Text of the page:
Remember faxes? Clicks and whirs of a modem connecting and the arrival of pages and pages of (often useless) information wasting ink and costing time or money.
The beauty of faxes was they were relatively cheap, at least for the sender, and somewhat hard to stop.
For the price of a short phone call, a business could reach hundreds or sometimes thousands of potential customers. For years, business and organizations would be bombarded by pages and pages of text, sent from random Nigerians asking for bank details in exchange for millions of dollars.
However, as the internet matured, most users realized the limitations of the fax; email became the preferred method.
Apparently, as late as 2009, the Tampa Bay Buccaneers were still using mass faxes to try and drum up group ticket sales for home games.
While most saw it as a mere annoyance, Technology Training Associates LLC of Tampa decided enough was enough. Technology Training filed a lawsuit against the football team for their role in the transmission of unsolicited faxes.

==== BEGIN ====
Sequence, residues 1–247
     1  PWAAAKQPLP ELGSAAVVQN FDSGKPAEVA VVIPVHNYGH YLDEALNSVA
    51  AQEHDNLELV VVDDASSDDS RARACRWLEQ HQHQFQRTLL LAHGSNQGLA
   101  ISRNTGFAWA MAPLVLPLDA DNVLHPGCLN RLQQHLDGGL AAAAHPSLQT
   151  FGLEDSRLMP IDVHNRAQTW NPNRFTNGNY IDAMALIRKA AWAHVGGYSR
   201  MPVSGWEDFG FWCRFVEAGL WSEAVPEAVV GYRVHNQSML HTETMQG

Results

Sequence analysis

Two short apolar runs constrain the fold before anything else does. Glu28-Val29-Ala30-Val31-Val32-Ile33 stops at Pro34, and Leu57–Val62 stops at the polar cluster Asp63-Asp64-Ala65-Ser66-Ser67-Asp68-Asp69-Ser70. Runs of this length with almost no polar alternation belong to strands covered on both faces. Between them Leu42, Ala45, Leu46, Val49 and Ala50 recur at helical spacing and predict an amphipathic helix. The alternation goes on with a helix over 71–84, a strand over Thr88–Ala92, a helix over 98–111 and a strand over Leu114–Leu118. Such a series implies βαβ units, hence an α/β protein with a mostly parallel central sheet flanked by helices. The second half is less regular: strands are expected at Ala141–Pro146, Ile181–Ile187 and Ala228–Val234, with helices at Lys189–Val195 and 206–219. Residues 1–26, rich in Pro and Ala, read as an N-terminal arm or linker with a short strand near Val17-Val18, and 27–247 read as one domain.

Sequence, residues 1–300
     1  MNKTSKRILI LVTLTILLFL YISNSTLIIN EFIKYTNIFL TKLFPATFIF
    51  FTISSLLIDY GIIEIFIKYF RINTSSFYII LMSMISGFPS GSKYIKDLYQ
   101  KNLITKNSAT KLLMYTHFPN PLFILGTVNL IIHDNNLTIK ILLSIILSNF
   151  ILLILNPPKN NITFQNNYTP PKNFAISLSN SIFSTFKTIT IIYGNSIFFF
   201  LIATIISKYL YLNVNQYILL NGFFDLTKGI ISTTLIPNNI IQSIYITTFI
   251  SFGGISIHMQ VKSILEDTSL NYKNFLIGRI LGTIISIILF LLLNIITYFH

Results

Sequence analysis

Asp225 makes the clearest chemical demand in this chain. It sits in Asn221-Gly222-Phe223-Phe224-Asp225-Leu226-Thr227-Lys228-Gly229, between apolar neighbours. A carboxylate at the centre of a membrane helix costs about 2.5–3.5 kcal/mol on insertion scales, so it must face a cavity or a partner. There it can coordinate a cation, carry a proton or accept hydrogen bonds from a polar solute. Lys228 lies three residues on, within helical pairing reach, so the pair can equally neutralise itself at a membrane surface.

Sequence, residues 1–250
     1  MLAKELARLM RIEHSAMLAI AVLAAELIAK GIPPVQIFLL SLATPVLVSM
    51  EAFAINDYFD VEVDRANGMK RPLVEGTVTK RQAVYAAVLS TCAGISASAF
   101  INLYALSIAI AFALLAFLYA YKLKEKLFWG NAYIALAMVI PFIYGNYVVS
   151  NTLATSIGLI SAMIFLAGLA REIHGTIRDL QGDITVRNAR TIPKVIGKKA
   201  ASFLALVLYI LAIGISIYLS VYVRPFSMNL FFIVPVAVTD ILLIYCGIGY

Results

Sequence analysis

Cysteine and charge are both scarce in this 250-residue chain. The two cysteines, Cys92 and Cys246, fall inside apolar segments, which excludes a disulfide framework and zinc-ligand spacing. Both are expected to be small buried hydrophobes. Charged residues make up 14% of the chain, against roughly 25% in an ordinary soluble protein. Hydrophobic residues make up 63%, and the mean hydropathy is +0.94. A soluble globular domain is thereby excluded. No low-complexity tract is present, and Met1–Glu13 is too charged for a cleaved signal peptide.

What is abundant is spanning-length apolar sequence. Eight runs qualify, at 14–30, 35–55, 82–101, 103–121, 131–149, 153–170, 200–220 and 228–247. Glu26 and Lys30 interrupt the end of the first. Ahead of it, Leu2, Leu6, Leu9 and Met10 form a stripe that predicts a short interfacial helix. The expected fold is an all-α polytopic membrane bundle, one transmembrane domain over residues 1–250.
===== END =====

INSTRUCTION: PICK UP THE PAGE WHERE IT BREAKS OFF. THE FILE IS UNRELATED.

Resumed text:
‘Junk’ faxes are legally required to include an ‘opt out’ notice – something Technology Training alleges was missing on the Bucs faxes.
The issue behind the suit is unsolicited faxes cost the recipient time and money, as well as potentially blocking a desired fax from arriving, thus qualifying them as theft.
Before this most recent suit, Gainesville resident Craig Steven Cinque – on behalf of himself and others – sued the Bucs in a similar proposed class action case.
According to a 2013 Tampa Bay Times report, approximately 180,000 people were sent unsolicited faxes, theoretically putting the Bucs on the hook for a minimum of $90 million in damages under the Junk Fax Prevention Act of 2005, which establishes a $500 fine for each unwanted fax.
That figure could rise to $270 million, especially if the court determines the faxes were intentional. Hillsborough County records show this case was disposed of in 2013, although the nature of that disposition is unknown.
It is believed the team stopped sending faxes sometime in 2010 shortly after the first suit was filed.
We contacted all parties involved with both the previous and most recent legal actions. We were unable to reach anyone for comment as of press time.
The case continues.